As far as she knows, Joan O’Connor is the only worm wrangler in town.
“How many worm farmers do you know in New Hampshire?” she asked Thursday.
O’Connor, a 64-year-old Henniker resident and businesswoman behind “Joan’s Famous Composting Worms,” has been selling crawlers for two decades. It all began when she bought her first worms in 1992 at Shaker Village’s Herb Day after researching better ways to recycle food scraps during New England winters.
“I was growing frustrated with the outdoor frozen compost piles,” O’Connor said.
She was thrilled with the prospect of an indoor composting system, and went for it. Over the years, O’Connor has learned all the tricks. She explained as she poured out a bucket of worms, newspaper and dirt onto a plastic sheet in her living room Thursday.
“You want them to be happy, fed and having sex,” O’Connor explained. She pointed out proof that this was the case for her bucketful of worms: a cocoon, or the small, bubble-like sack that holds five baby worms. Worms are hermaphroditic, or have both sexual organs, and produce the cocoons on their own.
The dirt on composting
To keep the worms healthy and thriving, O’Connor said temperature is important. “They want to be between 60 and 80 degrees,” she said. While people may want to put their worms in the basement – which is usually around 55 degrees – O’Connor said they become a little less active in the cooler temperature.
“That’s why it’s good to try and find somewhere in your living space,” she said.
Once they have a spot, O’Connor said the next thing is to arrange their bin correctly. She recommends a Rubbermaid bin and drilling a couple of holes for drainage (with a tray or bowl underneath). Inside, O’Connor says to put in ripped up newspaper, peat moss, your worms, more peat moss, and then more newspaper.
“It’s like a lasagna effect,” she said.
Lastly, put a T-shirt or screen and secure it on the top of the tub . . . or else.
“For the first few weeks, worms are escape artists,” O’Connor said. “All of a sudden you’re going to have 20 worms crawling across the carpet.”
The last piece to the composting worm puzzle is of course to feed the worms. Non-meat organic waste like vegetables, fruits, eggshells, tea bags, coffee grounds, paper coffee filters, and shredded garden waste all work, and, O’Connor noted, should be put down with the worms – not on top of the bin. Without digging down, O’Connor said fruit flies and rotting food smells are likely.
The end product? Sustainable, indoor food disposal, and after about six months, worm castings (poop) that make for rich, chemical-free fertilizer.
“Stop putting this stuff into your septic system,” O’Connor said.
She added, “You can be as neurotic as you want or you can neglect them and practically kill them.” Noting that she was closer to the latter as more of a facilitator and then let-them-be type, O’Connor said that with the right inputs, worms will pretty much do their own thing.
“These are workers,” she said.
Soon after O’Connor became involved in the worm world, she also joined the Henniker Farmer’s Market. There she began her vermicomposting business.
“I started selling them in these little glass jars,” she said. “It just caught on. So many people were amused by it.”
Though she was busy selling worms in person and by mail order, O’Connor said it’s not exactly lucrative. “If anything, I lose money at it,” she said. She’s since downsized that business, and is mostly interested in answering people’s questions and helping them get started.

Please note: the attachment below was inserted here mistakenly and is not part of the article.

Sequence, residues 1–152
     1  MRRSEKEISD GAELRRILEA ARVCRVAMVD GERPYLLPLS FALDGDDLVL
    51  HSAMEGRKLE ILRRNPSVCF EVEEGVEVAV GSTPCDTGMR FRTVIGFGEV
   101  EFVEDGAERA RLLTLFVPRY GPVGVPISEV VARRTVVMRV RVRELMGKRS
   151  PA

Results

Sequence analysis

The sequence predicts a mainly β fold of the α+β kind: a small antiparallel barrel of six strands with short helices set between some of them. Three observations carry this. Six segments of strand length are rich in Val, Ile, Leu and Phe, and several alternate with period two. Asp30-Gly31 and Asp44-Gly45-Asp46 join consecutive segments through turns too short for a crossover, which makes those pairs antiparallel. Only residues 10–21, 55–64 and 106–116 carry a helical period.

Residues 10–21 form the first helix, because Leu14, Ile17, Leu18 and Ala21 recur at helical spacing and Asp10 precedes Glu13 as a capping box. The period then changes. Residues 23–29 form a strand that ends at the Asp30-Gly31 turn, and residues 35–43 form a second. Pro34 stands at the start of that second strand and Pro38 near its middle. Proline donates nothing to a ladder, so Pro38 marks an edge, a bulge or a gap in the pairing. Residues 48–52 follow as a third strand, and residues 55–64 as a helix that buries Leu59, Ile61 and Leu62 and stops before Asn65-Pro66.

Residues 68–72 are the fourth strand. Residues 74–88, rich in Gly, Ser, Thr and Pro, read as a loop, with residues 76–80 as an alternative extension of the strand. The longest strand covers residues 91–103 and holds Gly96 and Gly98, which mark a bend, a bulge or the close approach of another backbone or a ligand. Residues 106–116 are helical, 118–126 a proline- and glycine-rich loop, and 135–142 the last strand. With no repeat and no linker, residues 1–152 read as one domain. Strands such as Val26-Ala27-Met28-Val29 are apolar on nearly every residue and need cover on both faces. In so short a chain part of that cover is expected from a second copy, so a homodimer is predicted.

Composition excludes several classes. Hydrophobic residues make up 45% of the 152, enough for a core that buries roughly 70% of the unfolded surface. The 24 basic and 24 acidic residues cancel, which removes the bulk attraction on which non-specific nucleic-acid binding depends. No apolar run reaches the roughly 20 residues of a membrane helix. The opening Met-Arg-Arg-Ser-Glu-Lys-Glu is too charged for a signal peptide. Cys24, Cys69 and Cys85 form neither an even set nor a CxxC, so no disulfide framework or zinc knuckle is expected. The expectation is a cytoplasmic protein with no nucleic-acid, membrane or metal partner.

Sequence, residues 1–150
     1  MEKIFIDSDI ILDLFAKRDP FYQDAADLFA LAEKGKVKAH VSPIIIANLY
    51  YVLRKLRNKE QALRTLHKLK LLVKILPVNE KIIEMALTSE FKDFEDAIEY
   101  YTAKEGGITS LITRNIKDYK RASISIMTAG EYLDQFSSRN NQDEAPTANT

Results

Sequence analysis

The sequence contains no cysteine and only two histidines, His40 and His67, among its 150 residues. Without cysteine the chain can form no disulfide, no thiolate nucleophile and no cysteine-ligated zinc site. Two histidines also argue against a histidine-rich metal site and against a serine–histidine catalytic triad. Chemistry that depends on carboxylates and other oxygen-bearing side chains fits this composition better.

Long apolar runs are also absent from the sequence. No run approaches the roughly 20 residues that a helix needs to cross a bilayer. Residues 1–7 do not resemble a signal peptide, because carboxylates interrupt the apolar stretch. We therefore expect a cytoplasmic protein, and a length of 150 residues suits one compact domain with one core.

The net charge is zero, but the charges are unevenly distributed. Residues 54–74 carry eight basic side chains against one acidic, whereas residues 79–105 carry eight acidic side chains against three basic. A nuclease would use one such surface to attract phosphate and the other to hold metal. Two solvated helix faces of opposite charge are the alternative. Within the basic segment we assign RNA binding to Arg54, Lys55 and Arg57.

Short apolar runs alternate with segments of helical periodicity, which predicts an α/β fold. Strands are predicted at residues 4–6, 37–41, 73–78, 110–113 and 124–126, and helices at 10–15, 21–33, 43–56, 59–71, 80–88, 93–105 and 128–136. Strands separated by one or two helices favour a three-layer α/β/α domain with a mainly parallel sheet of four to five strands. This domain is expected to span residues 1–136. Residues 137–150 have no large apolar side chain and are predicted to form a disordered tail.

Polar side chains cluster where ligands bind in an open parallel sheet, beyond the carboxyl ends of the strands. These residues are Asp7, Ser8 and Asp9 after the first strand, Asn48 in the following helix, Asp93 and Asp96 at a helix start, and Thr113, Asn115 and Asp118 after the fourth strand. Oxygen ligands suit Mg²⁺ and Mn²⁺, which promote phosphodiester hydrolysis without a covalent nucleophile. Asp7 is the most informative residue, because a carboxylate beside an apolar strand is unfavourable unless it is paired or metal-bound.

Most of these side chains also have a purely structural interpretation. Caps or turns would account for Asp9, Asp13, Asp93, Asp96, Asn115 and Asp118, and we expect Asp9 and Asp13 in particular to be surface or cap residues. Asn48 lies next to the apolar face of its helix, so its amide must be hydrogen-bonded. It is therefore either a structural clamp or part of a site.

“It just was more of a passion,” she said.
O’Connor has found another financial opportunity in farmers markets, however, and managed the Manchester Farmers Market for several years before beginning one in partnership with Charlie Cole of Cole Gardens in Concord in 2010. That relationship ended in 2011 when Cole took over the Winter Farmers Market.
O’Connor has since begun a new winter farmers market in Tilton, where she held a Saturday market between December and March for four years in a 10,000-square-foot space provided by AutoServ. She said that at its height, between 1,200 and 1,600 visitors came to see her 50 vendors, whom she also helps with things like getting on WMUR’s “Cooks Corner.”
“I call it, agri-penuer,” O’Connor said of herself. “I do things that opens doors for my vendors.”
This year, however, AutoServ was able to find a permanent winter lessee for the space, leaving the Tilton Winter Farmers Market out in the cold.
“I’m kind of frustrated that I couldn’t get another building this year,” O’Connor said. In addition to losing her source of income, she said she’s sad for all of the farmers and producers she helped make sales during the slower winter months. O’Connor is still looking for a new space, and for help from the state of New Hampshire or anyone else.
“I want to stay in the Tilton area because it’s sort of a food desert – that’s why (the market) was so successful,” she said. “My vendors are so loyal. Wherever I go – they’re on board.”
When asked why she spends time on difficult, sometimes financially insoluble tasks like worm-farming and farmers market organizing, O’Connor said it’s about her passion to encourage less wasteful, greener living, and to ensure local food startups’ success.
“I can’t get away from it,” she said. “I love helping. I facilitate these things – that’s where I get my pleasure.”
To learn more about Joan’s Famous Composting Worms or the Tilton Winter Farmer’s Market, O’Connor is free to chat by phone in the evening. She can be reached at 428-3530.
(Have questions or Ag & Eats news tips, events or recipes? Elodie Reed can be reached at 369-3306,firstname.lastname@example.org or on Twitter @elodie_reed.)